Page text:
The Telegraph’s Alex Proud recently proclaimed that Peckham was the latest victim of ‘Shoreditchification‘ – a culture sweeping run-down areas of London, in which entrepreneurial ‘hipsters’ move in and create a hub of creativity for a while. Thus attracting like-minded hipsters to the area, raising rent prices until the original settlers can no longer afford to live there and the place becomes commercialised by Starbucks and inner-city bankers. However, as Aleks Eror rightfully asks in his defending article, “What are lowly paid creative types supposed to do?”.
No doubt Peckham, in recent years, has seen wave of creative activity, or gentrification as others like to call it, with the Peckham Liberal Club, the Bussey Building, and the multi-storey car park (of Frank’s Cafe fame, as reviewed by Time Out over the summer) all putting Peckham on the map. In addition to these, the area surrounding Rye Lane station, particularly within the Arches Studios and within the 1930’s arcade building on Blenheim Grove, have become home to some of the most attractive qualities for creative-types. To name a few, The Sunday Painter gallery situated just above the newly opened Peckham Refreshment Rooms, then Bar Story and Innovation Interiors.
Ongoing efforts to restore the station to its former glory, which have been largely campaigned for by The Peckham Society, Rye Lane & Station Action Group and Peckham Vision have culminated in a series of unfortunate events.
Rye Lane station, seen here circa 1880, boasted a grand first class waiting room at the top of the building, now affectionately dubbed The Old Waiting Room, and a large square before it reaching out to Rye Lane itself. Local architect, Benedict O’Looney, took on the restoration project several years ago, and along with Peckham Vision, has been campaigning for the space to become a community-led enterprise ever since.
However, in light of Peckham’s recent successes on the ‘hipster’ scene, it has come to the attention of Network Rail that there is money to be made here. Network Rail own the station, the land beneath the forecourt that reaches out to Rye Lane and around to Blenheim Grove, and all of the arches down to Bellenden Road (as can be seen in the image bellow). The whole area is known as The Gateway.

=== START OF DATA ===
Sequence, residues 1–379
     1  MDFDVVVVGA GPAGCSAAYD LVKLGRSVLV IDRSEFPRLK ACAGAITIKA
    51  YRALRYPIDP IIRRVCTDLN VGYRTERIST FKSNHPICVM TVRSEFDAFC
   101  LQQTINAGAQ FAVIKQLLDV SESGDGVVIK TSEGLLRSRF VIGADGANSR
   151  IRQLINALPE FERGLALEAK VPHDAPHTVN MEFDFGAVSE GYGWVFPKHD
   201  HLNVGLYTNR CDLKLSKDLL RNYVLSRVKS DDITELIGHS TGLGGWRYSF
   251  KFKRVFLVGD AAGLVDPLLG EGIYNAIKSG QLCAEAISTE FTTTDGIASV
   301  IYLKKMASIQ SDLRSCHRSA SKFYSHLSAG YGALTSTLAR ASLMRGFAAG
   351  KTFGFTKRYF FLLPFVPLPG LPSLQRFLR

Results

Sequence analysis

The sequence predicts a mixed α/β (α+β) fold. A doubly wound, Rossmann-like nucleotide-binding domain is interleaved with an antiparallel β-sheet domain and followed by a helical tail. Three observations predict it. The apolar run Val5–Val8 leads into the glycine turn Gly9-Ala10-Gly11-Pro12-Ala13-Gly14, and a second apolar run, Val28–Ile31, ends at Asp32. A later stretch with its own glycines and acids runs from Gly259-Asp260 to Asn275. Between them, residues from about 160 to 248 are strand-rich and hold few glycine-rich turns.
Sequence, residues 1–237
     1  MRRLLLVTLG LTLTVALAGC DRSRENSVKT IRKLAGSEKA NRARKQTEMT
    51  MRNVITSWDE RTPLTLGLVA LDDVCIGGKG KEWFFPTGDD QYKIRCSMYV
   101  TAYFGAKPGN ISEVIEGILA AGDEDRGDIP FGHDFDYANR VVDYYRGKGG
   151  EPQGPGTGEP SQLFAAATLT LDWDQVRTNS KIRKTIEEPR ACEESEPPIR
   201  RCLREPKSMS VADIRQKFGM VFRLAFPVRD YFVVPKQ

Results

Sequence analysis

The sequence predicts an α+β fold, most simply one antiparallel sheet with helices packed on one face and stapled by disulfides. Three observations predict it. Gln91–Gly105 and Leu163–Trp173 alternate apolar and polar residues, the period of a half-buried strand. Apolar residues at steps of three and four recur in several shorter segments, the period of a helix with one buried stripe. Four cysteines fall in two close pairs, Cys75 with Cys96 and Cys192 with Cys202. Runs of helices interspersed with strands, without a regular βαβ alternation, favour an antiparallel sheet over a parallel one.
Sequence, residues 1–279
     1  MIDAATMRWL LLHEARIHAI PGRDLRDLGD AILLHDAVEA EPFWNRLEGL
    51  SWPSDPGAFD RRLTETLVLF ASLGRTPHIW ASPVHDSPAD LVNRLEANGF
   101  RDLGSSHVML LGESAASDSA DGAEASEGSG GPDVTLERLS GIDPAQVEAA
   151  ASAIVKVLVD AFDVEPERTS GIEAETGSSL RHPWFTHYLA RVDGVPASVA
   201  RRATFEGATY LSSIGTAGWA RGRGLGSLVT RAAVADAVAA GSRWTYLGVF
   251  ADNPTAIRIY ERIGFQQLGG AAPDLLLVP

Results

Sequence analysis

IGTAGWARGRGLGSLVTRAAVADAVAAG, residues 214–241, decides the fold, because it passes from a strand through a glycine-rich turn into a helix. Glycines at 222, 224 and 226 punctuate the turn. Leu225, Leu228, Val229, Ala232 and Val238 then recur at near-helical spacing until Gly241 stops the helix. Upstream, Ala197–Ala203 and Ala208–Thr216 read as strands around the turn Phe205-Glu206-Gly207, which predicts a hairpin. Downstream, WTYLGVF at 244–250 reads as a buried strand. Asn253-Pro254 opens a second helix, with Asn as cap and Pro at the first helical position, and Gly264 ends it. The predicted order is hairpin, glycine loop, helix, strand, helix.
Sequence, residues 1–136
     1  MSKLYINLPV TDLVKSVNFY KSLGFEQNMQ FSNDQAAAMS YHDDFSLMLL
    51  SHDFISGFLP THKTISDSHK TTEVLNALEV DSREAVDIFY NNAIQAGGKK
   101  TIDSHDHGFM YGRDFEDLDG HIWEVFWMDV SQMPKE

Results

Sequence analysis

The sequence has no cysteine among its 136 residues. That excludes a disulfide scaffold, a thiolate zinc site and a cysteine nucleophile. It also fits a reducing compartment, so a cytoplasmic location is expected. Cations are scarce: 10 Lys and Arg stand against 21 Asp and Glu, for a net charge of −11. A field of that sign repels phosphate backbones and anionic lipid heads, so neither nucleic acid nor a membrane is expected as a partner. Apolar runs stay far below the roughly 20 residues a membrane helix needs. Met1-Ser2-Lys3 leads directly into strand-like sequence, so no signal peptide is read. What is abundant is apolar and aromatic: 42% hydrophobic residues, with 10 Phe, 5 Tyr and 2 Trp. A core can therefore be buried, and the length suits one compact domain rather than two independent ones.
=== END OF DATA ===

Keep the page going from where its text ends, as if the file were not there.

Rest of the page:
Initial plans to restore the square before the station, creating a community space with growing commuter traffic better managed, were welcomed by local residents. It was proposed that businesses affected by the redevelopment project, including Jenny’s Cafe, the fruit and vegetable stall on the corner, DDJ Jerk Centre and the new £400,000 Southwark Council-subsidised Cycle Hub, would all be relocated and uninhibited. Yet, as is always the case, the promise of commercial turn-overs has led to a ‘preferred option plan’ by Network Rail, which is so horrible it is making the creative community quake in their Dr. Martens.
The 1930’s arcade in front of the station is to be ripped out, and replaced by two, towering seven-storey residential buildings on either side of the proposed square, consisting of 40 units. We are reassured that the ground floor units will be use-classed as A3’s: restaurants and cafes, which rings bells of London Bridge’s torrent of card shops and Paul’s.
As a result of the business loss – around 2000 sq ft of it – Network Rail then proposes gutting out the arches of all current, long-standing, independent businesses and replacing them with individual, lonely retail shells all along residential Blenheim Grove. Undoubtedly, the rent for these glorious new-builds will be too expensive for anyone other than Paperchase to afford. In an extraordinary coincidence, Network Rail have yet to put these illustrative plans on their website, but have still issued a weeks feedback period for all constructive comments, to be made by Sunday 26th January. The extent of the plans can only feasibly be found on the project blog, ‘Improving the Area Around Peckham Rye Station‘.
Southwark Council have also issued a 33 page PDF entitled ‘Peckham Rye Station: the case for change‘, which details the many “cultural” and financial benefits of the redevelopment. Below are a few artist impressions of what the square will look like. Clearly the artist was in no two minds about the fate of Peckham Rye either; note the inclusion of Wagamama and Natwest.
On Saturday 18th January, a drop-in exhibition was held in Rye Lane Baptist Chapel, in which discussion with the architects was encouraged during a Q&A session. The following blog post will report on the events that ensued.